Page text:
Wednesday, January 17, 2018

She's Out There

A few weeks ago, a regular contributor to a Jewish magazine wrote of an episode which is a common experience for the singles. 

She begins by saying she is a shtikel shadchan, meaning she tries to set up people but has not yet made a shidduch (*cough*). She continues that there is this lovely older fellow her husband learns with, and every woman she has suggested he has politely declined. He happens to be particularly brilliant, and he would like his life partner to share his intellect so they can conversate. 

"Pish tosh!" says she. The usual arguments followed: You aren't marrying a chavrusa. Brains doesn't mean a good mother. If anything, it will make her a neglectful one, since her head will be on loftier matters and she'll misplace the baby. Picky picky picky. 

He remains firm in his resolve. She pities him for his stubbornness, which is obviously preventing a wedded state.

One of the most common questions put to singles is, "What are you looking for?" The single replies, perhaps listing two, three, at most four attributes that are of primary importance, and another one or two that would be perks but not dealbreakers. 

The questioner then poo-poos the responses, and proceeds to sell the inappropriate shidduch. The single wearily wonders, if the answer was to be ignored, why the question was asked. 

This fellow had ONE criteria. ONE. He stated what he would like—nay, needs—in a relationship. Not a laundry list of qualities that is impossible to find in one individual, but ONE attribute. And it's no good. 

Service announcement: We are not all the same. What is important to me is not important to you, and vice versa. But the same way I can tolerate another's love of peanut butter and coconut (ick), I can accept that relationships are not one-size-fits-all. 

I shall cheer on this chap. Don't stop believin'. She's out there.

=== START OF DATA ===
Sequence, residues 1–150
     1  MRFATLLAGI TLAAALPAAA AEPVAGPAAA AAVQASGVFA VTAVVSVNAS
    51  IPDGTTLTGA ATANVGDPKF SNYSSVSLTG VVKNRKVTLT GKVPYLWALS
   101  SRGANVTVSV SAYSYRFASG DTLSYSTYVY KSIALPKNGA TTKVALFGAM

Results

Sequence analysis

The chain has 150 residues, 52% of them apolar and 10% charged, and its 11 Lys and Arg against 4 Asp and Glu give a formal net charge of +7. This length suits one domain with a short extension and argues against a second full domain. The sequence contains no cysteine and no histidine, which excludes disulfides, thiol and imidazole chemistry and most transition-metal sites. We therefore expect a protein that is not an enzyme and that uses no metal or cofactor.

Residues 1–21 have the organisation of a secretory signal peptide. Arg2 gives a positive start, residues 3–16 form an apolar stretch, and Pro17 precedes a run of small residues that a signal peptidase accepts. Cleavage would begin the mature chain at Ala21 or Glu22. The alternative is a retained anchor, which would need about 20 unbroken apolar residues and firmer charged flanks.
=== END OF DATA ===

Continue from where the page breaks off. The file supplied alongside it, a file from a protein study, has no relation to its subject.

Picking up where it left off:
Anonymous said...

I read that column too, and found it just as annoying as you.
The only caveat I will give the author is that I know who she and would estimate her to be in her early to mid 40's,maybe 45 or so. So if her husband's friend is about the same age, I have to wonder if he's one of "those" guys who is middle aged but still thinks of himself as being a good decade younger than he is. (I've dated a fair amount of men like that, and I can only come to the conclusion that they don't really want to get married, and so they let themselves get stuck on something like that.) Just the fact that a 40 something single guy would still be learning full time is a red flag, to be honest.
Other than that, I totally agree with you!

Princess Lea said...

Luke's chavrusa is ten years his senior; it doesn't follow that this chap is the same age as the author's husband. She presented him in the light of his one criteria, so that's what I'll go with. :D

Sarah said...

I’m with you on that. I’m sure she’s much nicer than she comes across, but she sounds like an insufferably condescending person. Kudos to this chavrusa for putting up with that behavior!
Also, I’m really insulted by her allegation that intelligence makes for a bad parent. What a nasty, misogynistic (and defensive) thing to say.

Princess Lea said...

A letter writer took her to task, and I don't recall the language of her defense, but she did sound nice. But even nice people sometimes have difficulty seeing things from another's perspective, or understanding that singleness is not always a choice.

Anonymous said...

Often, people who married young and/or married some time ago are simply clueless as to what it's like being a frum older single. Either they just can't relate to the endless bad dating and the toll it takes on a person or they don't fully get just how much things have changed for the single. Being a 30+ person in the shidduch world just isn't the same as a 22 year old.

Princess Lea said...

Yes, very true. Since it wasn't part of their own experience, which B'H, for them, went swiftly and painlessly, they can't understand the older single.